The WRU chairman is leading a team of 16 to the top of the Tanzanian peak to help raise £100,000 for the NSPCC's Full Stop campaign.
But after two days of climbing the 46-year-old Pickering admitted that he and his colleagues were "absolutely knackered".
Speaking from their campsite nearly half-way up Kilimanjaro on Friday, Pickering hinted for the first time that he feared not everyone in the team would make it to the summit.
"Everyone was in a pretty jovial mood when we left, but as we flew into Tanzania the size of the task ahead of us hit firmly between the eyes," explained Pickering.
"We were cruising at 17,000 ft and yet we still had to look up to the snow covered peak of Kilimanjaro - it was an awesome sight. That instantly turned what many of us thought was going to be a bit of a jaunt into a far more serious exercise.
"There is an easy way to climb Kilimanjaro, but our leader, Lt Col Dicke Davis, chose the army route for us and that meant we spent the first day clambouring virtually on our hands and knees through the rain forest.
"We did nine solid hours to reach our camp. At the end of it we just put up our tents, went straight to bed and didn't even contemplate eating.
"I don't think I have ever been so exhausted in my life. Even JPR Williams found it tough going!
"It took us two days to reach 2,180 metres and the worry is that with fresh snowfall at the peak in recent days the climb is only going to get harder and colder.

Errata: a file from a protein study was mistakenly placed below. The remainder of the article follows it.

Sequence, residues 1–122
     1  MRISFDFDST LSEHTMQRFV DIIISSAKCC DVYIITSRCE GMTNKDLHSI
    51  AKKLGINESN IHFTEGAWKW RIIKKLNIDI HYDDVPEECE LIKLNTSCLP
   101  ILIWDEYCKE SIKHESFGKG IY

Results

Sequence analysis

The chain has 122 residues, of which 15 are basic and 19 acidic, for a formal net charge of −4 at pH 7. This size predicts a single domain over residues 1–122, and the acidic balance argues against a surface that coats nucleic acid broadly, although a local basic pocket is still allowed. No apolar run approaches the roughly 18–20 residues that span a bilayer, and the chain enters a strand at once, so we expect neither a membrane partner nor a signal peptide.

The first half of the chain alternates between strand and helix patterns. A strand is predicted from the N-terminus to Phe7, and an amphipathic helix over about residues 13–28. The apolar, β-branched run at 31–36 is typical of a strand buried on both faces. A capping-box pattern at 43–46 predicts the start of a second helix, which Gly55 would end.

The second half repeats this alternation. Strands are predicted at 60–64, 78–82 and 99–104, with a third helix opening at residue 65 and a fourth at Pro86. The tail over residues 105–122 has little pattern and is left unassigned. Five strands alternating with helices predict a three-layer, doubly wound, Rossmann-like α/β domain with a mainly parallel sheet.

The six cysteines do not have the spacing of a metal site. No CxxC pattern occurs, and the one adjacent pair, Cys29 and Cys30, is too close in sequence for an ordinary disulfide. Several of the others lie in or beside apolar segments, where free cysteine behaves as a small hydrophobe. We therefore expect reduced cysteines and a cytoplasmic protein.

"But we haven't come all this way, or put in so much training, to be beaten by this moutnain. We are all determined to push ourselves to the limits to raise the final £30,000 we need to break through the six-figure fund-raising barrier."
Pickering and co were told by Lt Col Davis just before they left last Monday that they faced a diffiuclt task because their route had to be changed following a series of recent deaths on their origianl path.
"Three people had been killed recently taking our initial route up the mountain so we were forced to factor that into our planning. There was a problem with some rock falls and we decided to alter our plans accordingly," said Lt Col Davis.
"We are still aiming to reach the summit (19,335 ft or 5,895 metres)in five days. It is turning out to be exactly what I promised them all - the most physically demanding activity that 99% of them have ever undertaken in their lives.
"To be honest, I'm not sure that everyone is going to make it to the top, although that our collective goal. We started as a group and we want to end as a group.
"As well as being physically challenging, there are also moments of potential high risk and danger. This is no easy ride and as we climb higher so the risk of altitude sickness will come into play."
While temperatures are high at the bottom of the mountain, by the time the climbers reach the summit the evening temperatures can plummit well below zero.
WRU TV follows Wales' RWC training squad on day one of their camp in North Wales. The squad were greeted to an official welcome in Colwyn Bay and then headed for an afternoon of team building at ZipWorld
Brief highlights from Wales' training camp at the at the world-renowned Aspire Academy in Doha. The heat training will be combined with altitude methods once again with the players sleeping in hypoxic chambers that can replicate up to 4500m above sea level. This compliments the live high, sleep low methods employed in Switzerland.